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Okay, here's how it works.

Let's first clean it up (which takes all the fun out of it, but still...):

$; = $"; $;{Just=>another=>Perl=>Hacker=>} = $/; print %;
Looks more understandable, now, right?

The first line sets the value of the special variable $; to the value of $". $" is the list separator and has the default value of a space. $; is the subscript separator, which is used (or used to be used) for multidimensional array emulation. As explained in perlvar. So saying

$foo{$a, $b, $c}
really means
$foo{ join $;, $a, $b, $c }
Since we've set $; equal to the value of $", the subscript separator is now a space (' ').

Next line, then:

$;{Just=>another=>Perl=>Hacker=>} = $/;
Let's fix it up a bit:
$;{Just,another,Perl,Hacker,} = $/;
That actually isn't legal, though, because the special => makes it okay to use the barewords. If we replace them with commas, we'll get errors. And that's why we need the => after "Hacker"; if we take it off, we get an error.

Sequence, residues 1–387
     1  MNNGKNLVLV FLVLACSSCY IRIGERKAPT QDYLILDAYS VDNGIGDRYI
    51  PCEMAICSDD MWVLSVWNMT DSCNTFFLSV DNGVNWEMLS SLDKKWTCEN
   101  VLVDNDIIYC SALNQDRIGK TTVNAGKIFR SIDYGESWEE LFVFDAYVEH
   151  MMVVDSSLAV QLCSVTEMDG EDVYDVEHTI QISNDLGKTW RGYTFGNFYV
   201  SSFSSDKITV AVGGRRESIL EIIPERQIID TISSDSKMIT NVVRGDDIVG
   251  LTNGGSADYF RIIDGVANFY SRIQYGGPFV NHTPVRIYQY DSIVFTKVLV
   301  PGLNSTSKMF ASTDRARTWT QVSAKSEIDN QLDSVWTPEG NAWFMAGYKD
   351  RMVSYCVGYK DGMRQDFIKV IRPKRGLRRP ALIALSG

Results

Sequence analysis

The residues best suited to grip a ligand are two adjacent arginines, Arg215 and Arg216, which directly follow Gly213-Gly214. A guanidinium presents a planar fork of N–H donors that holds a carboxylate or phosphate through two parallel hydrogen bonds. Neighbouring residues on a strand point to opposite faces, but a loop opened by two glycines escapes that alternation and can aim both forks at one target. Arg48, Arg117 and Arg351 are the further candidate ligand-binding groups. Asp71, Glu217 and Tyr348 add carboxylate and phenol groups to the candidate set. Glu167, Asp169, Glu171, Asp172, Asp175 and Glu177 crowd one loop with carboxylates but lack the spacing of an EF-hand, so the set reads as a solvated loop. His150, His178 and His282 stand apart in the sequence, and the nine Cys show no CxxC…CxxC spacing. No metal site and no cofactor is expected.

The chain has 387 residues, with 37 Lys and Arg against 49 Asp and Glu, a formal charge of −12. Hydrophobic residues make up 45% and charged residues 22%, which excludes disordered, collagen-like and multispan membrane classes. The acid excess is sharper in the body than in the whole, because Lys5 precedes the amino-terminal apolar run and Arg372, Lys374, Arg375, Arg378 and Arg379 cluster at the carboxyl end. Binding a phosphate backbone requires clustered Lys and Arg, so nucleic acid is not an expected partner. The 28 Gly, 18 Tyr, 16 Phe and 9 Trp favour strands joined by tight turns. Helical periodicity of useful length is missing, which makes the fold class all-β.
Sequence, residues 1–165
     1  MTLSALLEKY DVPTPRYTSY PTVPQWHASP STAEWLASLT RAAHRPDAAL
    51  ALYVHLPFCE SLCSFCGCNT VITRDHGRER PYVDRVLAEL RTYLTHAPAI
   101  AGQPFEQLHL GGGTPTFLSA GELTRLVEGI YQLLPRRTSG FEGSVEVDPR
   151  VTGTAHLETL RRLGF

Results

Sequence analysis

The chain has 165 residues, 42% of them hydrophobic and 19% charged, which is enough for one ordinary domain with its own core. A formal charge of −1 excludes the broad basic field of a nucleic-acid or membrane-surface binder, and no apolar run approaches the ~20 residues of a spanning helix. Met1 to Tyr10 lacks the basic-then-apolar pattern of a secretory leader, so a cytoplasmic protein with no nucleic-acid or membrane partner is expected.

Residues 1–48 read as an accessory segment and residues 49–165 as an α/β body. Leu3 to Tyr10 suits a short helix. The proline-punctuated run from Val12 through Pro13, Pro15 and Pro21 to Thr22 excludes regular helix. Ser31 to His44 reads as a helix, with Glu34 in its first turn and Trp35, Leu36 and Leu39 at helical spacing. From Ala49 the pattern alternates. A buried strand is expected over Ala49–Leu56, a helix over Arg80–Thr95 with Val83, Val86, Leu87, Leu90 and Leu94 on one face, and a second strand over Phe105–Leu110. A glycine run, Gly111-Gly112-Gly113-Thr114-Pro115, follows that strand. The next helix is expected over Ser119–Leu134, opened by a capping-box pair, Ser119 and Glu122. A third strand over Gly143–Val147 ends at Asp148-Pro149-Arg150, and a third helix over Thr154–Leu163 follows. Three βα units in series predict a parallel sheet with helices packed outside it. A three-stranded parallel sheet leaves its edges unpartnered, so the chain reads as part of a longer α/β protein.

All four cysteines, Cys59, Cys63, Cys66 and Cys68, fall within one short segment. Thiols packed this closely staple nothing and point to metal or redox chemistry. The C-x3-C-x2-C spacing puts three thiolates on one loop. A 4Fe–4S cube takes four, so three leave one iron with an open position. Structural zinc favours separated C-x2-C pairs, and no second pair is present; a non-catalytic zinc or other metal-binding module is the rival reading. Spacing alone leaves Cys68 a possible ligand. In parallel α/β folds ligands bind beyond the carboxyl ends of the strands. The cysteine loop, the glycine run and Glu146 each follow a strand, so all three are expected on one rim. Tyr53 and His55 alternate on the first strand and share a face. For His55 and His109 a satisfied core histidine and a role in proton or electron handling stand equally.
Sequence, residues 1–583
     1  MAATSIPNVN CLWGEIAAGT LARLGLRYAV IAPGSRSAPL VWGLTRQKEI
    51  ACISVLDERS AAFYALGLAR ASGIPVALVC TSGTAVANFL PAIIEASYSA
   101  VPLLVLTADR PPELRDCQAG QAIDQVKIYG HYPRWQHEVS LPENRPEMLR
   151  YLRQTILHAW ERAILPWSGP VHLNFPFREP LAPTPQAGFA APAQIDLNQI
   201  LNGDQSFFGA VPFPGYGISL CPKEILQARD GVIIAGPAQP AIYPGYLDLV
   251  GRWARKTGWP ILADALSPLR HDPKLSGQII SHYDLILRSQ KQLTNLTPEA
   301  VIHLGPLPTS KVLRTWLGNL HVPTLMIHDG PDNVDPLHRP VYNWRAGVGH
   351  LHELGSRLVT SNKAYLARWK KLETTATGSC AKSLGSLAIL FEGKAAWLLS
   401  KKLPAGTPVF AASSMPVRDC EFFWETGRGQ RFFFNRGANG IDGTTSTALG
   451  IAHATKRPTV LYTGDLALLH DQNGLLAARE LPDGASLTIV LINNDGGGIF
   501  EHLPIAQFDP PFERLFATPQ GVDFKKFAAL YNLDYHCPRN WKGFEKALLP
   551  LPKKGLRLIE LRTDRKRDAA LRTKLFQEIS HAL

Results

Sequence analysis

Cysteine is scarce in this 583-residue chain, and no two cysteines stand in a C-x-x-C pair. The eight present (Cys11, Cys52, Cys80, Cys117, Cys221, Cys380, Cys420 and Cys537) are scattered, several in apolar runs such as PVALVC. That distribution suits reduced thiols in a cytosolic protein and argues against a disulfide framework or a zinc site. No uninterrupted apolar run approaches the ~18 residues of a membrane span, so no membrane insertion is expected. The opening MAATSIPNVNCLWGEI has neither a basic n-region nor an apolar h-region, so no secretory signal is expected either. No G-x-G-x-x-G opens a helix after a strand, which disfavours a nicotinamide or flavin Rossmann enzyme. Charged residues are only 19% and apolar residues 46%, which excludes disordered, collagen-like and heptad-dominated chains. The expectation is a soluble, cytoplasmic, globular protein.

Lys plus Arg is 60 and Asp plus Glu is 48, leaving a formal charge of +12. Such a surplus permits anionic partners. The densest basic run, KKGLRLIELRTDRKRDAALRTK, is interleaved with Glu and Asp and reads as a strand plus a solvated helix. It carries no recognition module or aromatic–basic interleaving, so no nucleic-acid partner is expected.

Anway, though, now it makes more sense, doesn't it? Because it looks like the example above, the example from perlvar. We're just assigning to a hash element in the hash %;.

And $/ is the input record separator, the default of which is a carriage return ("\n"). So we assign that value to the hash element, so what we really have is something like this:

$;{ join ' ', "Just", "another", "Perl", "Hacker", "" } = "\n";
Which is just this:
$;{"Just another Perl Hacker"} = "\n";
And then we're at the last line:
print %;
Which is very simple. We're just printing out the hash %;, which we just assigned to. In list context, the hash is flattened to a list. This list, in fact:
("Just another Perl Hacker", "\n")
And what happens when we print out that list? Just what you'd expect:
Just another Perl Hacker
So that's it. Doesn't it make you love Perl? :)

In reply to RE: RE: Things are not what they seem like. by btrott
in thread Things are not what they seem like. by Abigail

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